This gene encodes a member of the ferredoxin-NADP(+) reductase (FNR) family of electron transferases. This protein functions in the synthesis of methionine by regenerating methionine synthase to a functional state. Because methionine synthesis requires methyl-group transfer by a folate donor, activity of the encoded enzyme is important for folate metabolism and cellular methylation. Mutations in this gene can cause homocystinuria-megaloblastic anemia, cbl E type.
SULT SNPs in some SULTs are fairly uncommon in the population, but some, most notably for SULT isoform 1A1, are commonly found and have been associated with cancer risk for a variety of tumor sites and also with response to therapeutic agents.
The TCN1 gene encodes a member of the vitamin B12-binding protein family. This family of proteins, alternatively referred to as R binders, is expressed in various tissues and secretions. This protein is a major constituent of secondary granules in neutrophils and facilitates the transport of cobalamin into cells.
This gene encodes a glycoprotein with an approximate molecular weight of 76.5 kDa. It is thought to have been created as a result of an ancient gene duplication event that led to generation of homologous C and N-terminal domains each of which binds one ion of ferric iron. The function of this protein is to transport iron from the intestine, reticuloendothelial system, and liver parenchymal cells to all proliferating cells in the body. This protein may also have a physiologic role as granulocyte/pollen-binding protein (GPBP) involved in the removal of certain organic matter and allergens from serum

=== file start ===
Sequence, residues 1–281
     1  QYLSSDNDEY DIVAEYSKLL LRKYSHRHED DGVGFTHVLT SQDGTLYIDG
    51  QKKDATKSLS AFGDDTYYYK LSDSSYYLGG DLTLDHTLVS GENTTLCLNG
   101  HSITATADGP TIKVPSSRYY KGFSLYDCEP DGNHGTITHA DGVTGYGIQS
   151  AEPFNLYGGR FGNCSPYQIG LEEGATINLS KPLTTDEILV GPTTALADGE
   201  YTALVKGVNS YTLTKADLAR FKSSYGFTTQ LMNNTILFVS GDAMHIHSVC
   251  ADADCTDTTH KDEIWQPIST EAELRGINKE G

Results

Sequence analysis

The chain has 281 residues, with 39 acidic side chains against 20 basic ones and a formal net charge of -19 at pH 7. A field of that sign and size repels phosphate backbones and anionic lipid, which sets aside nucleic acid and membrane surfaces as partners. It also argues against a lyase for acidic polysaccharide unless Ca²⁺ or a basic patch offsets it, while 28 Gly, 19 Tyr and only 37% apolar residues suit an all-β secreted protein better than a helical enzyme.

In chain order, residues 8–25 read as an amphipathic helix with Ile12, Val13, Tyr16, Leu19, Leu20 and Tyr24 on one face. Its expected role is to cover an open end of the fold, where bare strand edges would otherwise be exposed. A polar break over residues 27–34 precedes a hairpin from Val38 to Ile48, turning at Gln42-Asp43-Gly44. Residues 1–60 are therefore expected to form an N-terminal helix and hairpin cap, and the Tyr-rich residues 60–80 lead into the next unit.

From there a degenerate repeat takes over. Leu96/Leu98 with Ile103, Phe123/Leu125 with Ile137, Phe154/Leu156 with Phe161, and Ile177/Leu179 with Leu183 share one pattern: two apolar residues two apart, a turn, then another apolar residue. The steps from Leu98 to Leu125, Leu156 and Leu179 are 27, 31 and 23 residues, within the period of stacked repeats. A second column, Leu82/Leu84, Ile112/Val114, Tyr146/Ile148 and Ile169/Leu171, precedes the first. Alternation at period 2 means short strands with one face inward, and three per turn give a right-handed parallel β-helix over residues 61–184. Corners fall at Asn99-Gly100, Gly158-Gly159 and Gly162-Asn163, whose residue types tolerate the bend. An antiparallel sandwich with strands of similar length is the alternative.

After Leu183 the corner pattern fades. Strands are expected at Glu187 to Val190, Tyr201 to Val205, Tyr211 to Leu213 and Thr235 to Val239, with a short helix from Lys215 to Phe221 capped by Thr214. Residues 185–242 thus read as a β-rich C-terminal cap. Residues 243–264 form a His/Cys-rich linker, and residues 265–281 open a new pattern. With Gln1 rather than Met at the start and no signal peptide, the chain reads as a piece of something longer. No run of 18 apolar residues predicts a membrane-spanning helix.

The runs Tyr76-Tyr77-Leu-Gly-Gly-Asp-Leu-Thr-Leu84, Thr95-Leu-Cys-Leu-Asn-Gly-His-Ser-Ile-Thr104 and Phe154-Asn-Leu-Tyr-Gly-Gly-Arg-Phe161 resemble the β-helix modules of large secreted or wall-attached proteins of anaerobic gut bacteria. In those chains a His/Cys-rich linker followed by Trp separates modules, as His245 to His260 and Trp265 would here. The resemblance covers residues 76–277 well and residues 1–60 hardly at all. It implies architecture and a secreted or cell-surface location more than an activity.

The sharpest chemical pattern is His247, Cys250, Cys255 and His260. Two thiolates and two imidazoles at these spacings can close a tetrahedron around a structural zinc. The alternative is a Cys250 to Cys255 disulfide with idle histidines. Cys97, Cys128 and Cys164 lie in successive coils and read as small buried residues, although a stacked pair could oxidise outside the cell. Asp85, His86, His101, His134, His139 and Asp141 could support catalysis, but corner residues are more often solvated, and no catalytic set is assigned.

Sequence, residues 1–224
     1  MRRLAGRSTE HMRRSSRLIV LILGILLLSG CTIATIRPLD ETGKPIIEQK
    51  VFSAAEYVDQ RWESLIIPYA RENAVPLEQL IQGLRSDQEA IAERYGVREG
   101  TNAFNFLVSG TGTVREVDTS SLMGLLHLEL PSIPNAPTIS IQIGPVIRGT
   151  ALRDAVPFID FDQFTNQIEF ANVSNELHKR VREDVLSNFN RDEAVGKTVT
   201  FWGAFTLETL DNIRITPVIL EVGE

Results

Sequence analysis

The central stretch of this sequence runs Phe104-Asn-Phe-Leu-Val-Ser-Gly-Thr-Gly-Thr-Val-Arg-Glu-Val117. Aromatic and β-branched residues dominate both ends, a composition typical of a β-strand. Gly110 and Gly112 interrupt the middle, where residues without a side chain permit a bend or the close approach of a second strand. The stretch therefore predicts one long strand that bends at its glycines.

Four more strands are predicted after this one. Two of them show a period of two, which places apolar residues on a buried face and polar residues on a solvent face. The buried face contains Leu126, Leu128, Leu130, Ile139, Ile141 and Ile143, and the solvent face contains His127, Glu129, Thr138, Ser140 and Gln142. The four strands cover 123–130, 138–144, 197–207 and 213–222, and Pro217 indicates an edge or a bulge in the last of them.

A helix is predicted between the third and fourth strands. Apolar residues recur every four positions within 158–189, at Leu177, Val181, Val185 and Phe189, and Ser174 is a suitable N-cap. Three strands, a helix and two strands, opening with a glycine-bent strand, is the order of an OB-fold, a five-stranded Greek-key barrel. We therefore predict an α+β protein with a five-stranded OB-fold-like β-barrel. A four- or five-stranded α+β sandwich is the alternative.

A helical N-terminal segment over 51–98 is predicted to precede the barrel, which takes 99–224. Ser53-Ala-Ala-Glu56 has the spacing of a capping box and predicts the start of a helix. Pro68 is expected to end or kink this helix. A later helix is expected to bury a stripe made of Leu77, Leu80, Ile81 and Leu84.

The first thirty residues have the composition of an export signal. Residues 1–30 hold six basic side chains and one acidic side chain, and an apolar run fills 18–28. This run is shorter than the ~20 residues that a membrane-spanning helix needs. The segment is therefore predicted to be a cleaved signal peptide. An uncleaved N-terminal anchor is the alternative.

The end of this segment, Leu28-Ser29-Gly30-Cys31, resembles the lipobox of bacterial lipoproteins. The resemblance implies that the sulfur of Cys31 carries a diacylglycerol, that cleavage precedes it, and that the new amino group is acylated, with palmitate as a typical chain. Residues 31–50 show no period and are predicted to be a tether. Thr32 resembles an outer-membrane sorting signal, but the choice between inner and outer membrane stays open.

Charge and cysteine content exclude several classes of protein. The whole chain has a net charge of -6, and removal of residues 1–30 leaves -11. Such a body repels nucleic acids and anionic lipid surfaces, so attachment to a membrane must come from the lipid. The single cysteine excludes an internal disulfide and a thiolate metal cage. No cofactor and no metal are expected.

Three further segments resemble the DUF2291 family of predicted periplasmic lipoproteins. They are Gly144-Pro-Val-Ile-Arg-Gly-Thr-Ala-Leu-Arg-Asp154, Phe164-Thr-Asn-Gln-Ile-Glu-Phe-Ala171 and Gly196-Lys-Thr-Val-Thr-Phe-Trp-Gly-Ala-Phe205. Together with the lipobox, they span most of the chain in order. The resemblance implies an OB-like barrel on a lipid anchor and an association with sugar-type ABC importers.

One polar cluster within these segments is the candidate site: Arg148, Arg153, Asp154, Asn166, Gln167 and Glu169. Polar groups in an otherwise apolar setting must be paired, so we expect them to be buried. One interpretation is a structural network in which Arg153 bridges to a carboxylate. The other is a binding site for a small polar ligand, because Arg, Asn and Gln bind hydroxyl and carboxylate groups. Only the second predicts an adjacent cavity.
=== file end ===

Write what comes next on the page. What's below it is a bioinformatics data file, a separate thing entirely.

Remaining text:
The TYMS gene encodes the enzyme thymidylate synthase, which is the primary target of 5-fluorouracil as used in chemotherapeutic treatment of various cancers. Variations in the the TYMS gene can influence risk for toxicity
This gene encodes vitamin D3 receptor, which is a member of the nuclear hormone receptor superfamily of ligand-inducible transcription factors. This receptor also functions as a receptor for the secondary bile acid, lithocholic acid. Downstream targets of vitamin D3 receptor are principally involved in mineral metabolism, though this receptor regulates a variety of other metabolic pathways, such as those involved in immune response and cancer. Mutations in this gene are associated with type II vitamin D-resistant rickets.